The Untold Truth Of The Handshake

Comedian and TV host Howie Mandel won't do it. Between his OCD and ADHD he obsesses about germs, according to CNN, and so touching another person, even a handshake (maybe even especially a handshake), is taboo. He's got a point. Think about it: How do you know where that other guy's hand has been? On the other hand (so to speak), everybody does it, right? And always has, right? Not so much.

You'd think that something as common as a handshake would have roots in humanity's shared history, and to a certain extent, you'd be right. There are carved records of people shaking hands that date back to Ancient Assyria in the 9th century BCE, as Mental Floss tells us. The Iliad, 100 years younger than the carving, talks about characters clasping hands. Shakespeare himself mentions characters who "shook hands and swore brothers." The question quickly becomes, "What does it mean?" As Shakespeare also said, "Aye, there's the rub."

So should you shake on it?

Just as any organization will have customs and procedures that are murky in their origins, so it is with handshakes. At least one theory attributes men grabbing each other's right hands so that those very same hands can't hold, say, a pointy-stabby thing like a sword or a dagger. Some also say that the actual shaking of the hands, in addition to clasping, would perhaps dislodge something dangerous hidden up a sleeve. Coinage of the Roman Empire displayed handshakes. It could mean a pledge of loyalty and friendship; in some cultures, it was a way to express apology and heal a damaged relationship.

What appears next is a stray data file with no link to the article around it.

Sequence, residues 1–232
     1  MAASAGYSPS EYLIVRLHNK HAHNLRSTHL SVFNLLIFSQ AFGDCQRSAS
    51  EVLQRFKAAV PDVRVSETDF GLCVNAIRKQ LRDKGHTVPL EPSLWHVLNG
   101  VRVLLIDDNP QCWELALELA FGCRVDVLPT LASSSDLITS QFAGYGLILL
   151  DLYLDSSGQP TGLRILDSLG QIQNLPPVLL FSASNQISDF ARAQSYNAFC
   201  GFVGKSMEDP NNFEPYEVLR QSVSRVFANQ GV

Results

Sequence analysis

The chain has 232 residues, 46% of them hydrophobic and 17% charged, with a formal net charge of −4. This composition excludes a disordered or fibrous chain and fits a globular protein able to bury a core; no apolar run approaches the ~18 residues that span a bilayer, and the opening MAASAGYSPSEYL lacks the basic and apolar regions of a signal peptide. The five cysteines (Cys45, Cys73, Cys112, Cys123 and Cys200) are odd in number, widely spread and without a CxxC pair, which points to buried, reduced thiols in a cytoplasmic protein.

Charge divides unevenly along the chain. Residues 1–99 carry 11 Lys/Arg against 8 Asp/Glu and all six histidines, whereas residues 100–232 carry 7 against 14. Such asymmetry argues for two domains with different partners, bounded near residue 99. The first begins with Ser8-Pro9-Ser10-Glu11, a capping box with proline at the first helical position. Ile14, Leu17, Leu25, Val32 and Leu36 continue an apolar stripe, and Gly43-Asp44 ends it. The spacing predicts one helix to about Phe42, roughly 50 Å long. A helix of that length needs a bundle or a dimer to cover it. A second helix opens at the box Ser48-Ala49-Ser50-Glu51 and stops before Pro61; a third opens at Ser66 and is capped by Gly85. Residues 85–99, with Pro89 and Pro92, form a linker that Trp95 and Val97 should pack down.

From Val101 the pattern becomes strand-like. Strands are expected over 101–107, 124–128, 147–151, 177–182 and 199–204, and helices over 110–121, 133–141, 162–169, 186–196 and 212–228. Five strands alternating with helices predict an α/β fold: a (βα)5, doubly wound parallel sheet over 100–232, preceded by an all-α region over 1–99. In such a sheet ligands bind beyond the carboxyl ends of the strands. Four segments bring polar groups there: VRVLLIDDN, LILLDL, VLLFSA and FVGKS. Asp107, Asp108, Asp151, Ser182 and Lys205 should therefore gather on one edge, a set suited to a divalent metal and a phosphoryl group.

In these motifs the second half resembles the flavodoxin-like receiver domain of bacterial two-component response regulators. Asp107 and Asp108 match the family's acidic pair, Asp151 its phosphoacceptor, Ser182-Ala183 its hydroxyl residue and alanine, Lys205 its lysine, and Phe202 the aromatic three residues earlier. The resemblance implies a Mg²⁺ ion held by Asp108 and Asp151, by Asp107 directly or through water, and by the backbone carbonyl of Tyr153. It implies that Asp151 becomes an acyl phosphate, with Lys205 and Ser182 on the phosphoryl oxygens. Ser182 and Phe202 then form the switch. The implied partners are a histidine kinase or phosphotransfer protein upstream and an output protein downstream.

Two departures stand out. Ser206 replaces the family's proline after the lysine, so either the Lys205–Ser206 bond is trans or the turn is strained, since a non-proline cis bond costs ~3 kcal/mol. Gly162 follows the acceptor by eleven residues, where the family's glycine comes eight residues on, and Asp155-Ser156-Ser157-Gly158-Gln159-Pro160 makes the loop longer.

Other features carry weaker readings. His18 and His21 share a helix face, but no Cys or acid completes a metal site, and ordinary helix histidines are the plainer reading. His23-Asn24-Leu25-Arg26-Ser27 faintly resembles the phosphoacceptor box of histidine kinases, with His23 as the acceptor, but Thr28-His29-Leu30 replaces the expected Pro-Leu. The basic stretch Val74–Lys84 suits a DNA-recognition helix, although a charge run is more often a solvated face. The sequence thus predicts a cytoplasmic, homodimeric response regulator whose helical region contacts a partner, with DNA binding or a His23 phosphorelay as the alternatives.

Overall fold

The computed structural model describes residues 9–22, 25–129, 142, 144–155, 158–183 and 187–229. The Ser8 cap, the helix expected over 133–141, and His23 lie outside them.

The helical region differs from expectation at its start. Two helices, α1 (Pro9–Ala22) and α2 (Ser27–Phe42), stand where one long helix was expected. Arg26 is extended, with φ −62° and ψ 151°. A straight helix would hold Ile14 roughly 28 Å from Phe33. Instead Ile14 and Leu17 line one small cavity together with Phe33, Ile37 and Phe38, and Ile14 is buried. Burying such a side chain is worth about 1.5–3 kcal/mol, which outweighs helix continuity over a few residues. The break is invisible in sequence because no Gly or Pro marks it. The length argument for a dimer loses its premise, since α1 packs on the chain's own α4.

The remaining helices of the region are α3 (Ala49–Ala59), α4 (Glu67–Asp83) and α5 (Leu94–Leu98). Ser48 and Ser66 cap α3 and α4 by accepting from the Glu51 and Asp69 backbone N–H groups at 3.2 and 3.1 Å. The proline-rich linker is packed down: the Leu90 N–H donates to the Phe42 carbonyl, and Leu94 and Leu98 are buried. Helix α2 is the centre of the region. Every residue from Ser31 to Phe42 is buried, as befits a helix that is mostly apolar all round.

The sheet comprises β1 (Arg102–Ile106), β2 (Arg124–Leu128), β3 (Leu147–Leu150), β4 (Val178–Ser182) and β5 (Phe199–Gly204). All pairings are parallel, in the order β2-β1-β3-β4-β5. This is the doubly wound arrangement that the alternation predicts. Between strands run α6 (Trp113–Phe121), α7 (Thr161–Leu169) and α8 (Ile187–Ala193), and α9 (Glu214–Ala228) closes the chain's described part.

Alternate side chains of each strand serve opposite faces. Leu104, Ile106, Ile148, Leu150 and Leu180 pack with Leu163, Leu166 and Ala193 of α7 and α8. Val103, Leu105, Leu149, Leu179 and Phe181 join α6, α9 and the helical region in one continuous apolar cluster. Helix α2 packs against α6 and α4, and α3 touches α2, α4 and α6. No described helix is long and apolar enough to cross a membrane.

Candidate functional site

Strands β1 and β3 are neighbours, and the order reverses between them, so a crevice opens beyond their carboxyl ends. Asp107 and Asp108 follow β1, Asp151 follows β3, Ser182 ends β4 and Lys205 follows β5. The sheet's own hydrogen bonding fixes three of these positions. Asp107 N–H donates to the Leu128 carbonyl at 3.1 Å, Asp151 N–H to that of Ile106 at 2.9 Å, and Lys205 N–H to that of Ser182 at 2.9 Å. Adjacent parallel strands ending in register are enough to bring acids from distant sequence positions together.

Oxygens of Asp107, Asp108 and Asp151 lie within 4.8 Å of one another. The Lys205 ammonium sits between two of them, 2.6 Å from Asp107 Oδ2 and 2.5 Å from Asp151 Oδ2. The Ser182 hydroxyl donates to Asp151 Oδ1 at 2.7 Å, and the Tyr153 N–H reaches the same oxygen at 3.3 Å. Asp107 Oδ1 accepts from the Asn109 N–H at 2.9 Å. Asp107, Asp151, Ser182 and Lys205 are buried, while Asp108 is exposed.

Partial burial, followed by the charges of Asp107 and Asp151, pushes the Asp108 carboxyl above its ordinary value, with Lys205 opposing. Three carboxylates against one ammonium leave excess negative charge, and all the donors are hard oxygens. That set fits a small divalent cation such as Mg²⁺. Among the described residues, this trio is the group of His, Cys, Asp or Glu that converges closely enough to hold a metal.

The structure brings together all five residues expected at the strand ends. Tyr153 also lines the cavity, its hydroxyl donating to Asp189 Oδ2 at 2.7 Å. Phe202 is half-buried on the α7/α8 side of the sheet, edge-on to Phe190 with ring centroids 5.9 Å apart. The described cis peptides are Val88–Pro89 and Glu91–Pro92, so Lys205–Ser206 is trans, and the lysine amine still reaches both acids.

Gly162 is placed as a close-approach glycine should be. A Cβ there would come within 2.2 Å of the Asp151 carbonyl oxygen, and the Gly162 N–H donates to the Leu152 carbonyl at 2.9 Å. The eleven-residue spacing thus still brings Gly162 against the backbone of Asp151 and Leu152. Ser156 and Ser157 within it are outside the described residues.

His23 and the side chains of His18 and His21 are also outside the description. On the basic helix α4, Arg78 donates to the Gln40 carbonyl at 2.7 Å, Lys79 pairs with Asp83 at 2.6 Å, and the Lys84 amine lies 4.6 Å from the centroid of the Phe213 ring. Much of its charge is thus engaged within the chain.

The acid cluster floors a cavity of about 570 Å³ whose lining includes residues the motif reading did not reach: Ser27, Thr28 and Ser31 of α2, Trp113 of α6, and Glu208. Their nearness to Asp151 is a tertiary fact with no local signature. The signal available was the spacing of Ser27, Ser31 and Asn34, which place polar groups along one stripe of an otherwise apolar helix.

History suggests that the peaceful Quakers popularized the handshake, not only as a sign of amity, but as a sign of equality and egalitarianism, an improvement on bowing and hat-tipping. By Victorian times a handshake was scrutinized: It should be neither too firm nor too boisterous. Nor should it be performed wearing a glove — who knows what might be contained therein, besides fingers?

Popular? Yes. Required? No. A simple smile works, too. Doesn't matter where it's been, either.